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Tri-generation set to become more popular

A Defra funded project at Brunel University could see the use of trigeneration become more widespread in retail applications

Investment in tri-generation plant to provide onsite power heating and cooling is not a decision to take lightly, but supermarkets who take the plunge could benefit from significant gains in emissions and energy reduction, according to research from Brunel University and collaborators.

A 15-strong consortium has been undertaking a five year research project, funded by a significant Defra grant, into the economic, engineering and environmental factors involved in integrating a trigeneration system as part of a supermarket.

Whilst the environmental benefits of re-using waste heat from power generation for heating and/or cooling via a sorption system are clear, the project’s conclusion that a payback for an optimised systems can be achieved at only around 3.2 years may be more surprising for those who baulk at the high capital outlay required.

The energy consumption of supermarkets makes such a system pretty compelling - the ten largest retail food chains consume energy that is equivalent to 5 million tonnes of carbon dioxide a year. Brunel has found that around half of the carbon footprint of some chilled products comes from the electricity consumption of the fridge that it is in.

The alternative of buying from green electrical sources is a more expensive option and in short supply the consortium contends. Trigeneration, integrated with CO2, offers a triple benefit of reducing indirect and direct emissions, while improving the efficiency of the refrigeration system.

The configuration that the partnership has come up with claims energy savings of 30 per cent compared to a conventional R404A system in a 5000 m2 sales area supermarket, together with greenhouse gas emissions savings of 43 per cent. This optimised system has a good degree of flexibility, the team says, because it can be tailored to a range of fuel sources or sorption options and can be applied to either transcritical or MT pumped systems (see box).

In this optimised system (see pic), the energy released from a combined heat and power system drives an adsorption or absorption unit, which in turn is used in a cascade arrangement to condense the CO2 refrigerant of a subcritical CO2 refrigeration system. This ensures operation of the CO2 refrigeration system in the subcritical region all the time and at a constant condensing temperature which ensures high energy efficiency throughout the year.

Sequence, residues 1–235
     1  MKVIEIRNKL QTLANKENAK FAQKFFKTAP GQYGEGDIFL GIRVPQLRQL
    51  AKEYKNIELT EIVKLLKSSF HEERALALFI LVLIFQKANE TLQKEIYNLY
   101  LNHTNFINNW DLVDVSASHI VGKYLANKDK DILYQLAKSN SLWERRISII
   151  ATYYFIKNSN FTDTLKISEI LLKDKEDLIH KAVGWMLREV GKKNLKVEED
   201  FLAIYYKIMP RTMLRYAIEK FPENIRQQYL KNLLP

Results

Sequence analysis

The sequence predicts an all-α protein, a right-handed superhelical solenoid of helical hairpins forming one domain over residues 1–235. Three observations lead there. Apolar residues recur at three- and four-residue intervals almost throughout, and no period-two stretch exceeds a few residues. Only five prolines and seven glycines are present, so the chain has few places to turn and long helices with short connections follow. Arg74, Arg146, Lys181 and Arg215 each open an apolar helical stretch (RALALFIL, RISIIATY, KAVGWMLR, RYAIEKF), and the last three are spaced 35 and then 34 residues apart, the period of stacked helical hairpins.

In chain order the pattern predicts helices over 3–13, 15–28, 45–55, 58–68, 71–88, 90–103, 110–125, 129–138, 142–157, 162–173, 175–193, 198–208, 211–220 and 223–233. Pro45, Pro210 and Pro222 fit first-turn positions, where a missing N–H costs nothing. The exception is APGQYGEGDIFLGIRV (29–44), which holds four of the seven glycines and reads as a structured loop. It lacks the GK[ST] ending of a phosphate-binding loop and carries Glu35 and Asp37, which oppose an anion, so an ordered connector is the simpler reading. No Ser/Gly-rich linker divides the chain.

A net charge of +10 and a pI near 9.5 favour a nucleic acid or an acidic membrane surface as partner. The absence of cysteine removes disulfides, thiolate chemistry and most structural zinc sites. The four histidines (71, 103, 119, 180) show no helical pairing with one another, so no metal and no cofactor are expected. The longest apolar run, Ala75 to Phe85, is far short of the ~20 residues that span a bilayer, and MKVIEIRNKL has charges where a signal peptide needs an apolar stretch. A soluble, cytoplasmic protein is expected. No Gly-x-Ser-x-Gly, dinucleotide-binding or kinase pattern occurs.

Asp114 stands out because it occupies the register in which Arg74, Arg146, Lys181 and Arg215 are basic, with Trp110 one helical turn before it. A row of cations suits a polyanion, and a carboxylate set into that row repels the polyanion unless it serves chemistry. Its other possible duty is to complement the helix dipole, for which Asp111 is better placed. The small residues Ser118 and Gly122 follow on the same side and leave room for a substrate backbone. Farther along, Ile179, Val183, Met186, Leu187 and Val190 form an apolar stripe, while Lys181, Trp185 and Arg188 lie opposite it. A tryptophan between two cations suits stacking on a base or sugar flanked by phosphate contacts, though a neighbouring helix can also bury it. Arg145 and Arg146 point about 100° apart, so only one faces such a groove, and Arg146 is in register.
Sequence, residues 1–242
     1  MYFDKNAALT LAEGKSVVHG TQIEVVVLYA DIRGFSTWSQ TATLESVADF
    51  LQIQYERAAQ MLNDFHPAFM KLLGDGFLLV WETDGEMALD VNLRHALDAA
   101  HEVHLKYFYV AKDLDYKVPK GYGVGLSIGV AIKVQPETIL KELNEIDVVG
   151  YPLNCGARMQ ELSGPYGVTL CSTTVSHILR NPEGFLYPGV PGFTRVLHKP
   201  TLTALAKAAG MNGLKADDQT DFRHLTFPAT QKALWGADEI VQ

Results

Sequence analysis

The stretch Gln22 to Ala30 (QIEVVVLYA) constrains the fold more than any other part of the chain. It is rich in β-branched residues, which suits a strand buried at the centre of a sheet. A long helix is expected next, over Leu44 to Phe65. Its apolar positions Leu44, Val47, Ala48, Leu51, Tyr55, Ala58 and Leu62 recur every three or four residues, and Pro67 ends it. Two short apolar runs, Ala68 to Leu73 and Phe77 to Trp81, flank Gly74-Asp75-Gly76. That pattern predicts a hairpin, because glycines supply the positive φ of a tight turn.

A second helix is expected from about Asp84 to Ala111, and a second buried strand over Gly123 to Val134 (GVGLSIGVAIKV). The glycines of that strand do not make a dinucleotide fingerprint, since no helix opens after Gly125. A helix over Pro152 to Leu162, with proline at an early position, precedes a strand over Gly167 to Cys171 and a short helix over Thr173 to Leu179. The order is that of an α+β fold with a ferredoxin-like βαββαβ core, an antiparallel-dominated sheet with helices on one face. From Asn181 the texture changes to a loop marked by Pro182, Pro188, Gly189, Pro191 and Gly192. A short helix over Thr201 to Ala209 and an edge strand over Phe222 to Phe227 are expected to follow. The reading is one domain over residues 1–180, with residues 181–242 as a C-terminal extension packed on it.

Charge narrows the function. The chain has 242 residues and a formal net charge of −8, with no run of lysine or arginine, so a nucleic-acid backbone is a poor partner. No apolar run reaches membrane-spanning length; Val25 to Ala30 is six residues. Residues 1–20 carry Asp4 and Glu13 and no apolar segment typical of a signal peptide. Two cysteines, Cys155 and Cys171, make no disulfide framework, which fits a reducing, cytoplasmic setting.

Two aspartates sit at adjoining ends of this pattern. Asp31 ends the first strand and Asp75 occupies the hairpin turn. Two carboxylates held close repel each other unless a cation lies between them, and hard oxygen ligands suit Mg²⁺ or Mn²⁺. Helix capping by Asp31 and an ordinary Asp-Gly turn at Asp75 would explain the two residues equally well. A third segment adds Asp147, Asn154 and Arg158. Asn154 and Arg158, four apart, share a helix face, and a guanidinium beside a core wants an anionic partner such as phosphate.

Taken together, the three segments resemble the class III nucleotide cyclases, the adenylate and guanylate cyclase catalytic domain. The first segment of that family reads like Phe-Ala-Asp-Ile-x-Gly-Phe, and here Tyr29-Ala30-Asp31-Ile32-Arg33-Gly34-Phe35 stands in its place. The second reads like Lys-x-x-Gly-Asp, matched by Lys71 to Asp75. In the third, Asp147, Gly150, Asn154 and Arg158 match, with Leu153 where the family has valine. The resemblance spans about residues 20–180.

Tests in the Brunel laboratories have shown the LT system to deliver a steady state COP of 4.0 at an evaporating temperature of – 32 deg C and condensing temperature of – 7 deg C. The COP of the MT system is very high, at over 50.0, due to the low power requirement of the pump.

System simulation and energy analyses of the integrated CO2-trigeneration system has shown the integrated energy system to produce energy savings of 30 per cent (consumption of 6.7 MWh/yr, against the R404A system’s 9.4 MWh/yr) and greenhouse gas emission savings of 43 per cent (2188 tonnes CO2e against 1247 tonnes CO2e).

The researchers found that the optimum capacity of the trigeneration system was 320-340 kWe, with a 310 kW absorption chiller. A trigen system provides the best payback when electricity prices are at their highest compared to gas, and this ‘spark ratio’ is currently at one of its highest levels, which could make the technology seem even more attractive.

The Optimised Tri-generation System

CHP module: This can be based on an internal combustion engines driven by any fuel such as natural gas, biogas, diesel, or biodiesel or micro gas turbines.

Sorption refrigeration system: Again the thermally driven refrigeration system can employ any type of sorption machine (absorption: ammonia-water; lithium bromide-water or adsorption: silica gel-water) depending on the temperature of the heat available from the CHP plant and the desired condensing temperature for the CO2 refrigeration plant.

CO2 refrigeration system: The refrigeration system uses CO2 as a secondary (volatile) refrigerant for the medium temperature (MT) cabinets and direct expansion (DX) for the low temperature (LT) cabinets. This maximises the system efficiency as the compressor power for MT refrigeration which is the predominant load in a supermarket is replaced by a much lower pump power to pump the liquid refrigerant to the refrigerated cabinets. Further, the team notes that should the trigen system ever fail, the refrigeration system alone can be set to run transcritically, allowing the retailer to continue trading. One of the additional benefits of the research work is that Brunel now has modelling tools for both design and analysis of CO2 systems and complete supermarket energy systems.

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